Revision Notes for Class 8 Social Science Chapter 26 – Agriculture

Revision Notes for CBSE Class 8 Social Science Chapter 26 – Free PDF Download
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Social Science NCERT Solutions for Class 8

Chapter NameAgriculture
ChapterChapter 26
ClassClass 8
SubjectGeography Revision Notes
CategoryRevision Notes

Quick Revision Notes

Points to remember:

  • Economic activities are of three types: (i) Primary Activities, (ii) Secondary Activities, (iii) Tertiary Activities.
  • Primary activities are those activities which are connected with extraction and production of natural resources, for example, agriculture, fishing, etc.
  • Secondary activities are concerned with the processing of natural resources to manufacturing products like baking of bread, weaving of cloth, etc.
  • Tertiary activities provide services like transport, trade banking, insurance, advertising, etc.
  • Agriculture is a primary activity which include growing crops, fruits, vegetables, flowers and rearing of livestock.
  • 50% of persons in the world are engaged in agricultural activity.
  • 2/3 of India’s population is still dependent on agriculture.
  • Favourable topography of soil and climate are vital for agricultural activity. The land on which the crops are grown is known as arable land.

Various types of cultures:

  1. Agriculture: raising crops and rearing livestock
  2. Sericulture: rearing of silk worms and silk production
  3. Pisciculture: Breeding of fish
  4. Viticulture: Cultivation of grapes
  5. Horticulture: Growing of vegetables, flowers and fruits

Farm System:

  1. Agriculture or farming is a system in which seeds, fertilizers, machinery and labour are important inputs.
  2. Ploughing, sowing, irrigation, weeding, and harvesting are some of the operations.
  3. The outputs from the system include crops, dairy, wool and poultry products.
  4. Farming includes the rearing of crops as well as animals.
  5. Farming removes the concern of farmers of bad crops and crop loss as well.

Type of Farming:

  1. Farming depends upon the geographical conditions, demand of produce, labour and level of technology.
  2. Subsistence farming and commercial farming are the two types of farming.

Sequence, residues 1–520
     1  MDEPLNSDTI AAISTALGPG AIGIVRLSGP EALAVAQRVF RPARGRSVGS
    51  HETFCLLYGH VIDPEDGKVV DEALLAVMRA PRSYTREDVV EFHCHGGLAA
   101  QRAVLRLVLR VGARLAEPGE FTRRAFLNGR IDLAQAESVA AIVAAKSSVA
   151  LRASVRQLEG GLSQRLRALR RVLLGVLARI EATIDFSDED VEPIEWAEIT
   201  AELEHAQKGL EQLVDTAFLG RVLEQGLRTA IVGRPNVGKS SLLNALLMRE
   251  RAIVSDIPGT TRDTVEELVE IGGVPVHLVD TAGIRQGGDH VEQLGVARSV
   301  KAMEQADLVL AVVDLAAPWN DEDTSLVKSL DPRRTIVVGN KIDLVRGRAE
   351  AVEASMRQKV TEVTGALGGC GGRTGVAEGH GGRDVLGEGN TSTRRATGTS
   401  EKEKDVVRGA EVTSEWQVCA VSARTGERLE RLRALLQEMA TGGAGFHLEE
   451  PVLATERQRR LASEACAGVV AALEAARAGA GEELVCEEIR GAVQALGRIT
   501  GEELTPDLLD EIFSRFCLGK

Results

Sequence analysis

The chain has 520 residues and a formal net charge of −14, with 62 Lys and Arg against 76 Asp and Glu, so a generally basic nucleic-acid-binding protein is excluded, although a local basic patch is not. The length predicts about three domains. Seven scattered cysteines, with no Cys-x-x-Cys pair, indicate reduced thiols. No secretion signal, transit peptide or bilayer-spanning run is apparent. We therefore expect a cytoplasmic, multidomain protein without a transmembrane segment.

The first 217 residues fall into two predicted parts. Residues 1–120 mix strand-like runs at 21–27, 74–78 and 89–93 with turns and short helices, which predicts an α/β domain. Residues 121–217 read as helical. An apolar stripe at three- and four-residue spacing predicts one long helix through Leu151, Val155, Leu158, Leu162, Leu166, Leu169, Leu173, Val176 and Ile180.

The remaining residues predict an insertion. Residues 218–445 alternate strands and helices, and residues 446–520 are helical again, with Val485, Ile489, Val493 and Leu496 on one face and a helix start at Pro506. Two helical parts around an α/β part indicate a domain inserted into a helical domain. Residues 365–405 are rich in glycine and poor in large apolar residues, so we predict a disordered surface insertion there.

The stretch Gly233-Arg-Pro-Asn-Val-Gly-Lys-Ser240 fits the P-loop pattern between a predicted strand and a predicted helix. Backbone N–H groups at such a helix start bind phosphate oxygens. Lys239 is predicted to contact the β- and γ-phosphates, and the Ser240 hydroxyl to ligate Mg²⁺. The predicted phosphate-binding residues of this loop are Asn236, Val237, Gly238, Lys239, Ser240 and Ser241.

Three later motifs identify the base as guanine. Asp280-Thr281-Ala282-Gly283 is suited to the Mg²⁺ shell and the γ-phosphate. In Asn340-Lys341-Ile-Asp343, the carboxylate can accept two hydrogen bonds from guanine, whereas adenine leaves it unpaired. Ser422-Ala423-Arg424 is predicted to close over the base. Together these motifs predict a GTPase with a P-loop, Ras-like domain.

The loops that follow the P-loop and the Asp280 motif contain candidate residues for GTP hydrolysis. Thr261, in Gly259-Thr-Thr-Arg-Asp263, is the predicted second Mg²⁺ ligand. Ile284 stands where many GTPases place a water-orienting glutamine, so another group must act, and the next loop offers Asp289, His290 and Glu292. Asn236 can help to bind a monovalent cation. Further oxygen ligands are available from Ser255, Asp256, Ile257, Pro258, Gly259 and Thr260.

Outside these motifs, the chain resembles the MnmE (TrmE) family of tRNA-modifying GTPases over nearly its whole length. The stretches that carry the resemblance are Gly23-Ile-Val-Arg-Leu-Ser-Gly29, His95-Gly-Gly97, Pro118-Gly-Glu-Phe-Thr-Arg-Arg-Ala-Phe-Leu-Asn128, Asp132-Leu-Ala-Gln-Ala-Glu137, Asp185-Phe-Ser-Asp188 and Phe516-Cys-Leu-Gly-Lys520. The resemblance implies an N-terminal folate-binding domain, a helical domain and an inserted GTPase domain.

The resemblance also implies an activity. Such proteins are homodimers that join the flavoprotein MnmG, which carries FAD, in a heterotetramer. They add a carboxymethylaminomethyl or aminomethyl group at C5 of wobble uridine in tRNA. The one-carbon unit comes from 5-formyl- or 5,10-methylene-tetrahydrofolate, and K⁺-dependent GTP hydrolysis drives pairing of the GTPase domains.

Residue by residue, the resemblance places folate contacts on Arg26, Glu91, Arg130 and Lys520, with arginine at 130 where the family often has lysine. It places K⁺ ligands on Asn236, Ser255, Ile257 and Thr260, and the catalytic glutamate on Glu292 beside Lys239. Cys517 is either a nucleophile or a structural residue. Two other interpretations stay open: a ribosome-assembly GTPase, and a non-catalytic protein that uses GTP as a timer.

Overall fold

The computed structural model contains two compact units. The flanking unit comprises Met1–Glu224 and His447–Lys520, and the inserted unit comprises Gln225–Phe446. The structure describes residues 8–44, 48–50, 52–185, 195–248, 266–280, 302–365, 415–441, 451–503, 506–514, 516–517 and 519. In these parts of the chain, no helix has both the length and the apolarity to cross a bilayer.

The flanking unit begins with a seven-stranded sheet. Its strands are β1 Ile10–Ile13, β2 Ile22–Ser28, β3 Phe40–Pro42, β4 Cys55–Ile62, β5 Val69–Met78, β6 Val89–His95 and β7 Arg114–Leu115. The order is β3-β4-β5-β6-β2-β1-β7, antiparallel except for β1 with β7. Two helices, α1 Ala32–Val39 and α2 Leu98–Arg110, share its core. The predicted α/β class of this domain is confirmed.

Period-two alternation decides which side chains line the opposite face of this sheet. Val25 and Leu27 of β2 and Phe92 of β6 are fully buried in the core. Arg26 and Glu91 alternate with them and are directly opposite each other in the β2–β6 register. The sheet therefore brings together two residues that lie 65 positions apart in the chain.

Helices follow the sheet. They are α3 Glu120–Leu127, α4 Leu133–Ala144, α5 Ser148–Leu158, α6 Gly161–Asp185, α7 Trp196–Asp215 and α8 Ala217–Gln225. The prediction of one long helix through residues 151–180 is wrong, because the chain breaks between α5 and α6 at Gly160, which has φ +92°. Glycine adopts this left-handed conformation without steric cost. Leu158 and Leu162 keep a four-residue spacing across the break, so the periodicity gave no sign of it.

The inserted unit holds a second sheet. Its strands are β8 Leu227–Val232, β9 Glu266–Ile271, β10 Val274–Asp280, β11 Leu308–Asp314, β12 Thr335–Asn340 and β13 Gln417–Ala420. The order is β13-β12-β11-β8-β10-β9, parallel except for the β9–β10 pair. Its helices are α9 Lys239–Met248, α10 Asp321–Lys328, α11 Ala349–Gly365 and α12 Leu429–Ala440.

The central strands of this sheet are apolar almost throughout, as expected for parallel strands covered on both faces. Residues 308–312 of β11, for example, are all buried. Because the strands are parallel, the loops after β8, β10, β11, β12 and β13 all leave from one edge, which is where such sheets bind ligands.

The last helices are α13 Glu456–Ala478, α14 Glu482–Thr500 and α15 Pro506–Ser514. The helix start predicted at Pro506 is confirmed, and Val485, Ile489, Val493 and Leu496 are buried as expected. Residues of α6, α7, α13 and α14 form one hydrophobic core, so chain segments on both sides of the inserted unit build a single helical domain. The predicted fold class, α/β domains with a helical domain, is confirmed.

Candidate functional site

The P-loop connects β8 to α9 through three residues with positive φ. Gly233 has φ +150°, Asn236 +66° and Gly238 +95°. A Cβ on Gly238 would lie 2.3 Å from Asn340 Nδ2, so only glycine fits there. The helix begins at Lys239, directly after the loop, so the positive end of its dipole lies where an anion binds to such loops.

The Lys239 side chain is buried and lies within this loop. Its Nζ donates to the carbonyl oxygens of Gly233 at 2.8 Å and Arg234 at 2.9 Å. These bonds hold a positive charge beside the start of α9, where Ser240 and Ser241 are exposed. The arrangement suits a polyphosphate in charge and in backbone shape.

• Subsistence Farming: Subsistence farming is practices to meet the needs of the farmer’s family and needs less technology and labour.
  • Intensive Subsistence Agriculture: In this farming, the farmer cultivates a small plot of land using simple tools and more labour. Rice is the main crop. Other crops include wheat, maize, pulses and oil seeds. This type of cultivation produce little to be left over and mainly farmers fullfil only personal needs.
  • Primitive Subsistence Agriculture: Primitive subsistence agriculture includes shifting cultivation and nomadic herding.
  • Shifiting Cultivation: In shifting cultivation, after cultivation the soil is abandoned and the cultivator moves to a new plot. Shifting cultivation is also known as ‘slash and burn’ agriculture. In most of the part of country it has been banned as proved to be futile.
  • Nomadic Herding: In nomadic herding, herdsmen move from place to place with their animals for fodder and water along defined routes. Sheep, yak and goats are the herding animals. They sell their milk and flesh in market and get things for survival.
  • Commercial Farming: In commercial farming crops are grown and animals are reared and grown  for sale in market. it involves high mechanisation and less labour. Developed nation mostly perform this farming extensively.
  • Commercial Grain Farming: In commercial grain farming crops like wheat and maize are grown for commercial purpose. This farming practiced in temperate grasslands of North America, Europe and Asia.
  • Mixed Farming: In mixed farming, the land is used for growing food and fodder crops and rearing livestock. it protects against crop loss.
  • Plantation: Plantations are a type of commercial farming where single crop of tea, coffee, sugarcane, cashew, rubber, banana or cotton are grown. These crops are labour intensive and needs specific climatic conditions.
  • Major Crops: A variety of crops or many crops are grown to meet the requirement of the growing population. Major crops of India are: Rice, Wheat, Millets, Maize, cotton, jute, coffee, tea.These crops can be grow as subsitance as well as commercial level.
  • Agriculture Development: Agricultrure Development refers to efforts made to increase farm production in order to meet the growing demand of increasing population. It includes better farming practises, better crops variety and awareness of farmers.
  • A Farm in India: A typical Indian, Munna Lal has a farmland of about 1.5 hectares. He purchases high yielding varieties of seeds from the market every alternate year. mostly subsistance farming exist in India. Labour availability and small size of farm lands make it for farmers to use intensive farming practices.
  • A Farm in the USA: The average size of a farm in the USA is about 250 hectares. The farmers grow corn, soyabean, wheat, cotton and sugarbeet. Crops are grown at commercial level. large farm lands and less population is suitable to development of this type of farming in developed nations.